“Mr Osborne’s Budget will introduce a raft of employment related taxation measures designed to aid working mothers. These measures may, either by design or incidentally, also stimulate growth. Before I start, this analysis of the Budget is based on the (accurate) stereotype that across the population females, especially working mothers, are more likely to work part-time and be lower earners than male employees. On that assumption, it appears that Mr Osborne’s measures should increase the number of working mothers and leave them with more cash in their pockets on pay day, thereby putting more disposable income into the economy.

“The most obvious mother-friendly measure in the Budget is the introduction of the new tax-free childcare vouchers for working families which will give 20 percent off the first £6,000 of childcare costs for each child and increase childcare support for low-income working families on universal credit. This measure will clearly help working mothers. It may entice stay at home mothers back to work, and that appears to be the aim behind the measure. This has proven one of Mr Cameron’s more controversial policy aims for which he has received much criticism in the last 24 hours, as it has been seen by some as a slur on stay at home mothers.

“Less controversially, Mr Osborne has introduced two other measures which should leave working mothers better off when it comes to their pay. The Government intends to raise the income tax threshold to £10,000 by 2014. For many mothers who work part-time and/or are low earners, this will result in extra income every month compared to now. Mr Osborne has also stated that employers’ national insurance contributions are to be reduced. This may promote employers to make more shifts available to part-time employees, which would have a proportionately greater impact on working mothers than on working fathers. Again, this should result in more income for working mothers.

Iain Hasdell, CEO of the Employee Ownership Association, branded the measures on employee ownership "a good start."

He added: "Whilst our advocacy of tax incentives for business that transition into employee ownership has been heard and acted on, it is disappointing that we must wait another year for the Government to turn its frequent words of support for employee ownership into bolder actions.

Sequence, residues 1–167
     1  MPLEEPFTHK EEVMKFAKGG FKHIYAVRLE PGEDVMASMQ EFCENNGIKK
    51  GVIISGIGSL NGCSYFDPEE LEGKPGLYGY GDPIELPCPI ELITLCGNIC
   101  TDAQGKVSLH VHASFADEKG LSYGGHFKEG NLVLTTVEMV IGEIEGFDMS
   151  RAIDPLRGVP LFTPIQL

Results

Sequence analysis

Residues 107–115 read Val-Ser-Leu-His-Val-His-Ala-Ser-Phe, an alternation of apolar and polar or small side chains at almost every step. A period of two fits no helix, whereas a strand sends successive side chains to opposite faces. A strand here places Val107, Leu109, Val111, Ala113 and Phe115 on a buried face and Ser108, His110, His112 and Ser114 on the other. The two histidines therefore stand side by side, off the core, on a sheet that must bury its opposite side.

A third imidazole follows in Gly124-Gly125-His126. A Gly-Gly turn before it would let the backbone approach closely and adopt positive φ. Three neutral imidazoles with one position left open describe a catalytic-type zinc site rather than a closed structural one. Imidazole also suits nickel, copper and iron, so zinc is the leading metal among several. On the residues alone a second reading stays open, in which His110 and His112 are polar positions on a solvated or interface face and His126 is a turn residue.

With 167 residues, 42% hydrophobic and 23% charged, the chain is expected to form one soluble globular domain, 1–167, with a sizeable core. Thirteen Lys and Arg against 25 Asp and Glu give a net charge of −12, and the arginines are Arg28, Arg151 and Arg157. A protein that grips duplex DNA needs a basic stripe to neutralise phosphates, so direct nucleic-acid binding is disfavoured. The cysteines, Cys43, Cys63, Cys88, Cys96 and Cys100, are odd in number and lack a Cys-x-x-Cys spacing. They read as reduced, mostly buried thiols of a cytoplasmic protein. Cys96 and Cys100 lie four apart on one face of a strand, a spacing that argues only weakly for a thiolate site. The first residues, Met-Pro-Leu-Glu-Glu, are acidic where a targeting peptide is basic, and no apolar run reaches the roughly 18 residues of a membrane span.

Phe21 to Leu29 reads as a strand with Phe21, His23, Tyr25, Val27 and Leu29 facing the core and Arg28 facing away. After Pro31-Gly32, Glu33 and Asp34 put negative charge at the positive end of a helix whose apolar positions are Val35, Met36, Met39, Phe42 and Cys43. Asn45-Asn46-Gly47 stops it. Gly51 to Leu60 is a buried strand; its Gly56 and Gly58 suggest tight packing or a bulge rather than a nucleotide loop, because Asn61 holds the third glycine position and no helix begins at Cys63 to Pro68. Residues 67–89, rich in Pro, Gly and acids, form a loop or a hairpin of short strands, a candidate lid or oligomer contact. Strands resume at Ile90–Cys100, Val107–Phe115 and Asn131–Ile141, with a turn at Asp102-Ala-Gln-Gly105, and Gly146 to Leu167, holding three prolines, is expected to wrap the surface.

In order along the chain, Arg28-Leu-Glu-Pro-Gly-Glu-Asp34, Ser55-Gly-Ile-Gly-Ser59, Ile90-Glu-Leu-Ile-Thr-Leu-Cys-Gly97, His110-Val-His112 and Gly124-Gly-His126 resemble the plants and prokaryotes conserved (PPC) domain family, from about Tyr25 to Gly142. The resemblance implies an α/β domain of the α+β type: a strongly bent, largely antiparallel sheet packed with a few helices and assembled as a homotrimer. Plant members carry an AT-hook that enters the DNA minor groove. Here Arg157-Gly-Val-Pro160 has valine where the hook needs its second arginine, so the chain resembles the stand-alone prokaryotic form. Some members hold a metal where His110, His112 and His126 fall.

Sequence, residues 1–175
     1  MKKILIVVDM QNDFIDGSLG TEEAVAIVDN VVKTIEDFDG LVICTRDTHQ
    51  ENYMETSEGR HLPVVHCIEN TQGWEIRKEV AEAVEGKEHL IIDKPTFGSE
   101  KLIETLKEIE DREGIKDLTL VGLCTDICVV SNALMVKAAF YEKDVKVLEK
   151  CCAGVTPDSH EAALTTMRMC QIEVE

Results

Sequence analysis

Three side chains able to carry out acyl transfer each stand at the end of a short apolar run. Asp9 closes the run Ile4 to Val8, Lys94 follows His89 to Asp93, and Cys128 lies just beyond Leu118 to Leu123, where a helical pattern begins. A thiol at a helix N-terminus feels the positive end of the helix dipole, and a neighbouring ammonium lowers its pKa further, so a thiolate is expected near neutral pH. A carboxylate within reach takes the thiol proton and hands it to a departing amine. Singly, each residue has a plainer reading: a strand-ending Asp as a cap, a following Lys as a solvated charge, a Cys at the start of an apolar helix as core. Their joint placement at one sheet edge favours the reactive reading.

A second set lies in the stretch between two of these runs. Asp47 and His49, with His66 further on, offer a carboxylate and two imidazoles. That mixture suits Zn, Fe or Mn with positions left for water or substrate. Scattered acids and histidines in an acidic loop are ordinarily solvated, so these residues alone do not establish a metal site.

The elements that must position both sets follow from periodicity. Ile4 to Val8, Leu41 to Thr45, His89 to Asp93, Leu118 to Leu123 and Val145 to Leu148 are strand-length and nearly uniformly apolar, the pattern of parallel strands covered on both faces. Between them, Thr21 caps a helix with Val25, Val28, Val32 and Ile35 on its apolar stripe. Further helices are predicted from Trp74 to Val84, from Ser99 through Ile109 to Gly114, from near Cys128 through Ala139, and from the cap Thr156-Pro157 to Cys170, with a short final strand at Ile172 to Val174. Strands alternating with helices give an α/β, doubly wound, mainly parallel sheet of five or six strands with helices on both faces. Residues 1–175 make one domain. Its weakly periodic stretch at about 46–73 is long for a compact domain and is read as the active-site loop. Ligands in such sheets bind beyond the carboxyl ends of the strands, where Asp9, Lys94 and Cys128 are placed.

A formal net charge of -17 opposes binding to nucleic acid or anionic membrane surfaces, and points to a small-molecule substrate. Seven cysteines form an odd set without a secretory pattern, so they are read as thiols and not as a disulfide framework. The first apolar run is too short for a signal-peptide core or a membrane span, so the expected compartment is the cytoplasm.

“Even at this late stage I hope that the Chancellor will consider re-allocating the £100m dedicated to the now infamous rights for shares scheme that forces workers to sacrifice a range of fundamental workplace rights in return for tax breaks on shares they have in the company they work for. £100m would be better used on further tax incentives to encourage genuine employee ownership that creates businesses with lower staff turnover, higher productivity, greater resilience and in which employee rights are enhanced, not eroded.”

2 Responses

  1. 1% Pay Cap

    Hi Paul

    Agreed – HR in public sector must ensure policies are put in place to ensure engagement in the face of this development. The solution will, I think, depend on the organisation. Some employees will just want a reiteration of the organisation’s commitment to them while others may want additional benefits to make up for the ‘shortfall.’ Big challenge just to find out how people are feeling and how this breaks down throughout the organisation.

    Best wishes


  2. What about the 1% cap on public sector pay?

    Surely one of the biggest HR implications to come out of this budget is the 1% cap on the public sector? Has anyone worked out how to ensure all public sector employees are prepared to remain committed to their public sector ethos and to perform as well when they know they are being treated so shoddily? Does the HR team at the Treasury offer any advice during budget negotiations or are they just ignored?

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Jamie Lawrence

Insights Director

Read more from Jamie Lawrence